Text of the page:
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This is a dark and starkly realistic story describing the lives of British naval officers who escorted Atlantic convoys during WWII. The Atlantic war was brutal, harsh, demanding, and thankless in many regards as--especially at the beginning of the war--the escorting corvettes vainly tried to protect allied shipping from the dreaded U-Boats.
Monsarrat captures not only the historical reality of what being in these ships was like, but also the values and personal qualities of the people of the era. To this American listener the prose was very British (the narrator as well, who did a great job), and it gave me a particular insight into the British viewpoint and approach to the war.
Further, the author does a fine job making the reader feel the wildness of the weather and the sea, and the anxiety and frustration of trying to shepherd a convoy at night without modern navigation and other aids, while at any moment a deadly enemy might strike. Eventually of course the tides turn and victory is gained; but even at the end, a feeling of sadness and loss prevails. The hardness of the experience, and how it affected the everyday people caught up in it, was profound.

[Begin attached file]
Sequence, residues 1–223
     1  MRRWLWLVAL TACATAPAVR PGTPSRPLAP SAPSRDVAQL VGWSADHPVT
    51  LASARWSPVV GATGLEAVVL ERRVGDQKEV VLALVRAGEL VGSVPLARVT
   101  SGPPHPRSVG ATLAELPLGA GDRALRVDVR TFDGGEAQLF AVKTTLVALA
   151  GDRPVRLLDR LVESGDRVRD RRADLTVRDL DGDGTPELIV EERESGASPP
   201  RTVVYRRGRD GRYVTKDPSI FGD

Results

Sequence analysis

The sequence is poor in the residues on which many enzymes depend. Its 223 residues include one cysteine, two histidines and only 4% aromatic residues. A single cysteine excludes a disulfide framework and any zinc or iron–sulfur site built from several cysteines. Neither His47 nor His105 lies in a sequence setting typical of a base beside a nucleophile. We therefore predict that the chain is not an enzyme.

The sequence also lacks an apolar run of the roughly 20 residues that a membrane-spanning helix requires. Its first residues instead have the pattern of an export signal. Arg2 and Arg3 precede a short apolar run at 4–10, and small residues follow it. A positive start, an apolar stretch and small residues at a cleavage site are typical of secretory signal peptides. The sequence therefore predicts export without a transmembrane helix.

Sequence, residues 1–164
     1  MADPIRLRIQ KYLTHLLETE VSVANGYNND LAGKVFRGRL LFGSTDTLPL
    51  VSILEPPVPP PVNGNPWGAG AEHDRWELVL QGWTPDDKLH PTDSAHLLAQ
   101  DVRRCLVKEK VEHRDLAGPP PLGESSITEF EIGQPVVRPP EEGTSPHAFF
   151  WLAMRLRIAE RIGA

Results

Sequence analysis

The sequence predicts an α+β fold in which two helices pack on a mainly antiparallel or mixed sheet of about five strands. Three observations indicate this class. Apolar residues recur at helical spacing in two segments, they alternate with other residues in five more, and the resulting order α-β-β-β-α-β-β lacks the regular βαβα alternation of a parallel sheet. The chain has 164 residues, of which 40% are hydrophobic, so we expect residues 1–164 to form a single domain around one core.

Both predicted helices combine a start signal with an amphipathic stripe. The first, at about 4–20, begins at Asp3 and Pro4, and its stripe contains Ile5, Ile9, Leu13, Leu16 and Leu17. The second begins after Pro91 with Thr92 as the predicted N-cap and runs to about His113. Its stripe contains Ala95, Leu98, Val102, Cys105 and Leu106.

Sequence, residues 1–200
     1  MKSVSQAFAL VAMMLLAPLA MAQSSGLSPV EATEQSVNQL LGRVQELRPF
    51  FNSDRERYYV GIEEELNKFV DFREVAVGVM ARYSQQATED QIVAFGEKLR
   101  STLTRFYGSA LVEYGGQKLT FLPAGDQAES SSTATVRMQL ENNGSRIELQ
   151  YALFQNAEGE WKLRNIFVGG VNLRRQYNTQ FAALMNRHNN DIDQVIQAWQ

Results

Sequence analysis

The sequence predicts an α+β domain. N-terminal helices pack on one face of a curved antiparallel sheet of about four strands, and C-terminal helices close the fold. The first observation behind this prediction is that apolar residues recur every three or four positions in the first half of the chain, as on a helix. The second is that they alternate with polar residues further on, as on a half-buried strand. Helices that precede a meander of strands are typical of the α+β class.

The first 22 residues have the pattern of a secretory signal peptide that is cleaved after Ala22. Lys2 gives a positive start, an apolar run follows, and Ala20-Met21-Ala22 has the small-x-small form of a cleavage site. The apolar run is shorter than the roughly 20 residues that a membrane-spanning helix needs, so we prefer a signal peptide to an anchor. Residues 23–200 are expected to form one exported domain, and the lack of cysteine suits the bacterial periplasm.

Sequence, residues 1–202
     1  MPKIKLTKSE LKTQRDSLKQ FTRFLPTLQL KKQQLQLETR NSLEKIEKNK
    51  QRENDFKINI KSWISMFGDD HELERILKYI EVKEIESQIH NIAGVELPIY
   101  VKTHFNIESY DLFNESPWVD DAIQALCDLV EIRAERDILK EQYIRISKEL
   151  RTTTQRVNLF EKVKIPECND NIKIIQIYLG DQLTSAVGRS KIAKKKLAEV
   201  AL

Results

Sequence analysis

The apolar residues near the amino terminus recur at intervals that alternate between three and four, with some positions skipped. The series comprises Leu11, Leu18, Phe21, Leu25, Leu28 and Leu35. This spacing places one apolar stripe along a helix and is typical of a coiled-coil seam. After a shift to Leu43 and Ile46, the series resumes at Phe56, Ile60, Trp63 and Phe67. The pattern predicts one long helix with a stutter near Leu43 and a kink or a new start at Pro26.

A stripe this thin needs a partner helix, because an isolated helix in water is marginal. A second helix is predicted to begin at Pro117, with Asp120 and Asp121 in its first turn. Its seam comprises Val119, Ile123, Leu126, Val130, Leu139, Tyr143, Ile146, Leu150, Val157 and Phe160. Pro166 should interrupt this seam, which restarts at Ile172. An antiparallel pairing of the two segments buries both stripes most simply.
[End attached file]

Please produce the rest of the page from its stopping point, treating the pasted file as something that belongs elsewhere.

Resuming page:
My only mild criticism is that the plot line is a little thin or even melodramatic in spots, especially as regards the characters when they were on leave.
In the end, this was a tribute to some less-well-recognized warriors of WWII and the absolutely critical role they played in the eventual Allied victory. It brought those characters and their war to life and memory. To me this is a must-read and a classic for those who are interested in this period of history.
8 of 8 people found this review helpful
What did you love best about The Cruel Sea?
A geat story, authentic and one which really stays with you after you put the book down.
The book is a memorial to the seamen of WW2 who died in the Atlantic.
Who was your favorite character and why?
The captain of the Compas Rose, a character both believable and a typical Royal Navy captain.
What does Simon Vance bring to the story that you wouldn’t experience if you just read the book?
Vance certainly brings the characters to life. The book was published in 1951 and is still a great read.
If you were to make a film of this book, what would the tag line be?
WW2 1939 to 1945
Any additional comments?
The book is factual ( I am 93 and lived through those days so I can vouch for that. It stays with you and you begin comparing the present with those days of the Greatest Generation.
Maybe I am getting too old!!!
9 of 10 people found this review helpful